I predict Moneyball will be one of those movies that will receive a lot of awards nominations, but not win anything. It just has that feel to it. It never tries too hard and dips into Oscar bait territory, but it also falls short of being something truly special. With Aaron Sorkin writing (some of?) it, it most certainly had touches of a Social Network vibe, but this will hardly have as lasting legacy as the Facebook movie (I assume) will have. Moneyball is an entertaining movie, and has a good message. And frankly, that’s all it really needs.
From someone who does not care at ALL about baseball, Moneyball managed to not only hold my attention, but keep me riveted. And I think it probably benefited from the fact that I know nothing of baseball history, and didn’t know how it was going to end. I couldn’t even tell you who won the MLB championship last year, that’s how little I care for the sport. But this movie isn’t so much about the actually enduring a boring game of baseball, but more the behind the scenes action of building a sports team, which always interests me. This could have been about the statistical building of a soccer team and it would still be pretty interesting. In addition to that, it also touches the romanticism of baseball, and the mystique of the sport. That’s how I can enjoy baseball movies, but not an actual baseball game. There is some sort of magic surrounding the game that would make me enjoy any “history of baseball” documentary, yet I would fall asleep during an actual baseball game.
In terms of the actual baseball action, Moneyball plays more like an ESPN highlight reel than it does the long, slow pacing of an actual game. But even more than that, it plays as a character study of Billy Beane. It’s very interesting how they played into his history to show how it shapes his current situation. Beane is kind of unlikable, but at the same time, you understand why. He’s sort of a guy with his back against the wall his whole movie, and he has to stand his ground. It was nice that they included his daughter into the movie, as it made him more human.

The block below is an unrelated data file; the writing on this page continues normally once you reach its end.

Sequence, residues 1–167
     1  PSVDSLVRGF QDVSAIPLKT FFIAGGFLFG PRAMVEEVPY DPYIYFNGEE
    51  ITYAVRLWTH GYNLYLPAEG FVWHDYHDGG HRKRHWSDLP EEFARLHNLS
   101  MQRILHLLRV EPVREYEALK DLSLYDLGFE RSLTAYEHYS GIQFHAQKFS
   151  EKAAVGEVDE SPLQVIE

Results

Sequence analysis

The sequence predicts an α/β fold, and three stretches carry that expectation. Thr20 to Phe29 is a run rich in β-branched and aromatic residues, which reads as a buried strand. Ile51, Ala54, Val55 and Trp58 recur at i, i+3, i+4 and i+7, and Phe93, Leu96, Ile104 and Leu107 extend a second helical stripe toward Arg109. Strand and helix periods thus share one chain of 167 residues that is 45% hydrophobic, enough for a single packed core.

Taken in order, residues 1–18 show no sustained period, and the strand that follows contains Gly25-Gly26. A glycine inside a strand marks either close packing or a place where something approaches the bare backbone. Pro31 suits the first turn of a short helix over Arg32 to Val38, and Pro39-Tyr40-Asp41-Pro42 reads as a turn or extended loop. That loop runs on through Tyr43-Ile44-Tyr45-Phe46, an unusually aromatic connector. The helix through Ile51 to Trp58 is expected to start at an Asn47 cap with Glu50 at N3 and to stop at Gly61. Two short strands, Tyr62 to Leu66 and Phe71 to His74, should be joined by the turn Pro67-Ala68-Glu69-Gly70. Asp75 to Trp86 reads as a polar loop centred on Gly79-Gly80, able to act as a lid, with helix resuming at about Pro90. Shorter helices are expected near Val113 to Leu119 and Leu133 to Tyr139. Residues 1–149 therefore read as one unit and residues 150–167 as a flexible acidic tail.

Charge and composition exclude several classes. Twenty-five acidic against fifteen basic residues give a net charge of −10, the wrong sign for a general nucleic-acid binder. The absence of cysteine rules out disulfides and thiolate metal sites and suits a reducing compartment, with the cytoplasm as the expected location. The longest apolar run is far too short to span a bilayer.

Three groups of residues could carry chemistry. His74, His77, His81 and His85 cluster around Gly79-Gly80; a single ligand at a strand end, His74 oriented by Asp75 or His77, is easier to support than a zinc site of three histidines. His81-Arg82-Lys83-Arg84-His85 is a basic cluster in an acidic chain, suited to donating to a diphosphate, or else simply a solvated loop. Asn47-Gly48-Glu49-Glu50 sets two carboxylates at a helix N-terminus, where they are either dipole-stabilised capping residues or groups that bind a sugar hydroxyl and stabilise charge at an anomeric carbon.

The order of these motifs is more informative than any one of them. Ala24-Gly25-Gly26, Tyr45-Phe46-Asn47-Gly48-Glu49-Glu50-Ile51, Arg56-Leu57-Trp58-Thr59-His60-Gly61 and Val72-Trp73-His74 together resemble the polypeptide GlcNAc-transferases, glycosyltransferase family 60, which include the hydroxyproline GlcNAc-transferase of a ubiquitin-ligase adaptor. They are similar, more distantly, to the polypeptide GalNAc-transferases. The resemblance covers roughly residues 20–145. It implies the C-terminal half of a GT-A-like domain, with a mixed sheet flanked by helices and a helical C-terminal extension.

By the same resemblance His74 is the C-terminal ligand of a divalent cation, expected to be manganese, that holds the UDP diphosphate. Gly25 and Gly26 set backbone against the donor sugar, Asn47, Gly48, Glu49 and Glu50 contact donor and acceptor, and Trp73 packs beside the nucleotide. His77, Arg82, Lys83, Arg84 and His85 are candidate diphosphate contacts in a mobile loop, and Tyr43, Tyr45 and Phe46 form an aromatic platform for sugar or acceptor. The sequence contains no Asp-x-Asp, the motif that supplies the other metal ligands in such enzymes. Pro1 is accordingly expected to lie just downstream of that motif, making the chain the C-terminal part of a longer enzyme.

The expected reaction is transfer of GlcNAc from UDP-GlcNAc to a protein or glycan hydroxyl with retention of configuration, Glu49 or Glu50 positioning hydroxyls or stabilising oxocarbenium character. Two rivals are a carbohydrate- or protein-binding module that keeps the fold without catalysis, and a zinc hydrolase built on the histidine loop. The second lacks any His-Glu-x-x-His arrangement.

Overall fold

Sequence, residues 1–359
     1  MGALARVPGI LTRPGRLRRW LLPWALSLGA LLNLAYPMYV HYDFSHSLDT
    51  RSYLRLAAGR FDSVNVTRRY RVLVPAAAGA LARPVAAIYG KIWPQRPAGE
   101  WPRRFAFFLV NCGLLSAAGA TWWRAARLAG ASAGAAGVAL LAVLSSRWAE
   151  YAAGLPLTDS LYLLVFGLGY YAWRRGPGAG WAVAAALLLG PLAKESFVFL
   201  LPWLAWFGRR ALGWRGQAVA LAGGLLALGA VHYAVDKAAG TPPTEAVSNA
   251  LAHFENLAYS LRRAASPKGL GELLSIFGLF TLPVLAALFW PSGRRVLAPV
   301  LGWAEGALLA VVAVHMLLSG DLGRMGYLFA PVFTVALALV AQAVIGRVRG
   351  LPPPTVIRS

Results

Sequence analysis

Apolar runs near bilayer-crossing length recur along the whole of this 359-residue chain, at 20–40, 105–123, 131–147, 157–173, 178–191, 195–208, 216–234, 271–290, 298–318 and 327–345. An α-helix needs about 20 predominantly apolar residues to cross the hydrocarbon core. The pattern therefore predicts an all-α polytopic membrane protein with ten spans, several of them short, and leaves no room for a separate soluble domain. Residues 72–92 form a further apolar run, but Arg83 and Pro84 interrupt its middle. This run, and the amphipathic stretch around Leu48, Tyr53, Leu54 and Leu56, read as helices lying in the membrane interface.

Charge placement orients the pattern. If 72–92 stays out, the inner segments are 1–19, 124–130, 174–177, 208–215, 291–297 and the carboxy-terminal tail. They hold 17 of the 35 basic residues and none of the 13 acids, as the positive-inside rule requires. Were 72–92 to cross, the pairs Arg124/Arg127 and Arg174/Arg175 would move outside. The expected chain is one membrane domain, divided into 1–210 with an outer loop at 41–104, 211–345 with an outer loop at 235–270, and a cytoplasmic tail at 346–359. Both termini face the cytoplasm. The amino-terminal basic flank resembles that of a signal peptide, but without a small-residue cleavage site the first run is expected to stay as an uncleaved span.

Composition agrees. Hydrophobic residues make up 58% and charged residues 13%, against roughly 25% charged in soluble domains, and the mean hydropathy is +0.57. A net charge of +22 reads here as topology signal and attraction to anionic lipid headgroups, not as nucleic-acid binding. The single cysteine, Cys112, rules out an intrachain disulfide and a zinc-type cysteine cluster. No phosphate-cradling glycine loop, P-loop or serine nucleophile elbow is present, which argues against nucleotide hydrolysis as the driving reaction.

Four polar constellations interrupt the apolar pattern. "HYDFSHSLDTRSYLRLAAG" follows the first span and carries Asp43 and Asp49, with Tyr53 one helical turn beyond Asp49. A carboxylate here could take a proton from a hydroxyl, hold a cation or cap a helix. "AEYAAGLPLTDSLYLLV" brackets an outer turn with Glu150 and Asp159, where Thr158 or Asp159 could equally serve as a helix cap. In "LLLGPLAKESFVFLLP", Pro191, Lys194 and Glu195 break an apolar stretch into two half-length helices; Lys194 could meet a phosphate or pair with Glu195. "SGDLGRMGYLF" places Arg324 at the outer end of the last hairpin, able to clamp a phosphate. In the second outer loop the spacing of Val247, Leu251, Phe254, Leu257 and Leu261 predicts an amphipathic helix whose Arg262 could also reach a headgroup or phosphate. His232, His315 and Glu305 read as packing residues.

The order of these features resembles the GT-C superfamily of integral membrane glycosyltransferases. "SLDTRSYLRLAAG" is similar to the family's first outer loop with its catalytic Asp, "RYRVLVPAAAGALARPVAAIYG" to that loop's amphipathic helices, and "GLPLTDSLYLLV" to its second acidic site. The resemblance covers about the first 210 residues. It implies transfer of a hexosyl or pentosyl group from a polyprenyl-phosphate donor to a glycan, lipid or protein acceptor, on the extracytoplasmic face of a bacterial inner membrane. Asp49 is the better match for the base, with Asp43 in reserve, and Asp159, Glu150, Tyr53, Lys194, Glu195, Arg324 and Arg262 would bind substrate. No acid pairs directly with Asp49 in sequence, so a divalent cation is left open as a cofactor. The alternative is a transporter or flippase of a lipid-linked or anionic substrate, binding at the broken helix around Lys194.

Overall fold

Brad Pitt does a great job playing Beane, as expected. The dude is a natural. I think there were a few moments of Aldo the Apache squinting and smooth talking, but Pitt plays the whole movie pretty cool. Jonah Hill is more than adequate as Brand, an economic expert who teaches Beane how to build a team with statistics instead of traditional scouting. The best scenes in the movie, in my opinion, are the one just involving Pitt and Hill changing the game of baseball while bonding. And Philip Seymore Hoffman is vastly underused as the disgruntled manager of the team on the last year of his contract.
The movie flies at a great pace, and that’s probably just because it sucks you in so well. I take it if you don’t care at all about sports, it might be more difficult to be engaged by the film. But as a sports fan, and not a baseball fan, I assure you the film is still good. It took a few interesting approaches to the cinematography and the editing, but nothing crazy. It’s not as standardly constructed as, say, the Blind Side, but not as brilliantly constructed as the Social Network. I don’t see a whole lot of replay value here. Much like the message of the film, Moneyball’s legacy will be that of a nice achievement for sports movies, but not a champion. If you’re looking for a movie to see in theaters right now, I’d without a doubt recommend Moneyball. That is, if you haven’t seen Drive already.
8 out of 10